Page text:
In a recent published decision, the Fifth Circuit declined to articulate a rule for the “order and depth in which” it “grapples with constitutional standing and the Rule 23 inquiry.”  Chavez v. Plan Benefit Services, Inc., __ F.4th __, No. 22-50368, 2023 WL 5160393 (5th Cir. Aug. 11, 2023).  The court concluded that the plaintiffs—three employees who participated in health and retirement plans administered by the defendants—had standing to sue on behalf of absent class members who participated in thousands of different benefits plans administered by the defendants.  The court went on to affirm the district court’s certification of two classes, each under both Rules 23(b)(1)(B) and 23(b)(3).Continue Reading Fifth Circuit Declines to Wade Into Circuit Split on Relationship Between Standing and Class Certification

This blog previously covered the Eleventh Circuit’s July 2022 decision in Drazen v. Pinto, which held that all class members must have Article III standing in order to receive individual damages in a class settlement.  41 F.4th 1354 (11th Cir. 2022).  Because the law in the Eleventh Circuit at the time held that a

Last week, the Eleventh Circuit reversed in part and remanded an order certifying a class in a case arising from a data breach of Chili’s restaurants, Green-Cooper v. Brinker International, Inc., No. 21-13146, 2023 WL 4446420 (11th Cir. July 11, 2023).  The opinion clarifies the Eleventh Circuit’s view of when data breaches give rise to Article III standing.Continue Reading Eleventh Circuit Holds Having Payment Information Posted to Dark Web Establishes Standing in Data Breach Case, Remands Class Certification Order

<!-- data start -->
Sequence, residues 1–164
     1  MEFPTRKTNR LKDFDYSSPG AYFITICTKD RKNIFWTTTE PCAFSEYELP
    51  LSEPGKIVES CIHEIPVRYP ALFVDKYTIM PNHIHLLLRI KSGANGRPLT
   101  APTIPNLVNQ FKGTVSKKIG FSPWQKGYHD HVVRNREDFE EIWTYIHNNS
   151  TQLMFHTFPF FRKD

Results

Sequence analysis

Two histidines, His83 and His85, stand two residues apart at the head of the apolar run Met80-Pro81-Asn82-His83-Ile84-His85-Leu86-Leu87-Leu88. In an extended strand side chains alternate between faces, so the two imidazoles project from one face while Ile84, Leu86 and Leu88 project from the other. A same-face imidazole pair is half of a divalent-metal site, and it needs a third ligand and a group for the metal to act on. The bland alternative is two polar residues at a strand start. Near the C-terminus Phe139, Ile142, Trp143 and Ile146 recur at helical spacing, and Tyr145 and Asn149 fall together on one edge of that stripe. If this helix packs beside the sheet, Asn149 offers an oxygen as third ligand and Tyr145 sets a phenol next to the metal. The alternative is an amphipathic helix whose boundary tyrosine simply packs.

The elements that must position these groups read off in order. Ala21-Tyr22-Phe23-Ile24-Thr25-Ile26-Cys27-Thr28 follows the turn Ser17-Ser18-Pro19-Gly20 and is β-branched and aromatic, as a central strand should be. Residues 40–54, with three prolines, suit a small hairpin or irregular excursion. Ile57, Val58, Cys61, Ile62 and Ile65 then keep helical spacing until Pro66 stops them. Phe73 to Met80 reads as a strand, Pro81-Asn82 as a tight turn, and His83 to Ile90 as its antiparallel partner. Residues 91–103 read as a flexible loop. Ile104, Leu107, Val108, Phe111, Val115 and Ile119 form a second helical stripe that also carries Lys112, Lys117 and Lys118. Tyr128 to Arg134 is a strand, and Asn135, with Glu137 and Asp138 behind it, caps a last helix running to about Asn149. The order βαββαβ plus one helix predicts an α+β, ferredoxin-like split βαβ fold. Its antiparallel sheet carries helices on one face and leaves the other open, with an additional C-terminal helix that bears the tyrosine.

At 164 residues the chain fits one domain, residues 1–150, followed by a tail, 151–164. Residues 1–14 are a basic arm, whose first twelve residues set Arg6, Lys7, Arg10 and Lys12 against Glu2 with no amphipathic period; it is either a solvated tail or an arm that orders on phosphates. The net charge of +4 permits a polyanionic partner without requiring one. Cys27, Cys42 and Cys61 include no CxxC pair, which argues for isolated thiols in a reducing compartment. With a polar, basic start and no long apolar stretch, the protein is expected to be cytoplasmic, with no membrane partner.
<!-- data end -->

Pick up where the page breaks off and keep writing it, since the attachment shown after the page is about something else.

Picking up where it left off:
In recent years, sellers of consumer products have faced countless class action lawsuits alleging that their products are misleadingly advertised.  Many motions to dismiss often turn on whether the product’s advertising is misleading to a reasonable consumer.  But in Valiente v. Publix Super Markets, Inc., 2023 U.S. Dist. LEXIS 91089 (S.D. Fla. May 24, 2023), the court took a different tack, dismissing a false advertising claim on Article III standing grounds because the defendant’s “money-back guarantee” effectively mooted the plaintiff’s claim for monetary damages.Continue Reading “Money-Back Guarantee” Deprived Plaintiff of Standing to Bring a False Labeling Class Action

The Sixth Circuit recently vacated a class certification order in a decision that may make it easier for defendants to defeat putative class actions where a named plaintiff asserts standing based on the injuries of absent class members.  Under the “juridical link doctrine,” a named plaintiff may bring a class action against defendants who did not injure them so long as the absent members of the proposed class would have standing to sue those defendants.  In vacating a district court order that certified a class based on this doctrine, the Sixth Circuit joined the Second Circuit in rejecting the doctrine and holding that named plaintiffs in a putative class action must have standing to sue every defendant at the time of filing.Continue Reading Sixth Circuit Rejects Juridical Link Exception to Standing in Class Actions

The Eleventh Circuit recently addressed two aspects of Article III standing relevant to class action settlements: the standing of a class member to object, and the standing of class representatives to seek injunctive relief—and thus whether such injunctive relief should be given any weight as part of the approval process.Continue Reading Eleventh Circuit Analyzes Article III Standing in Class Action Settlement Context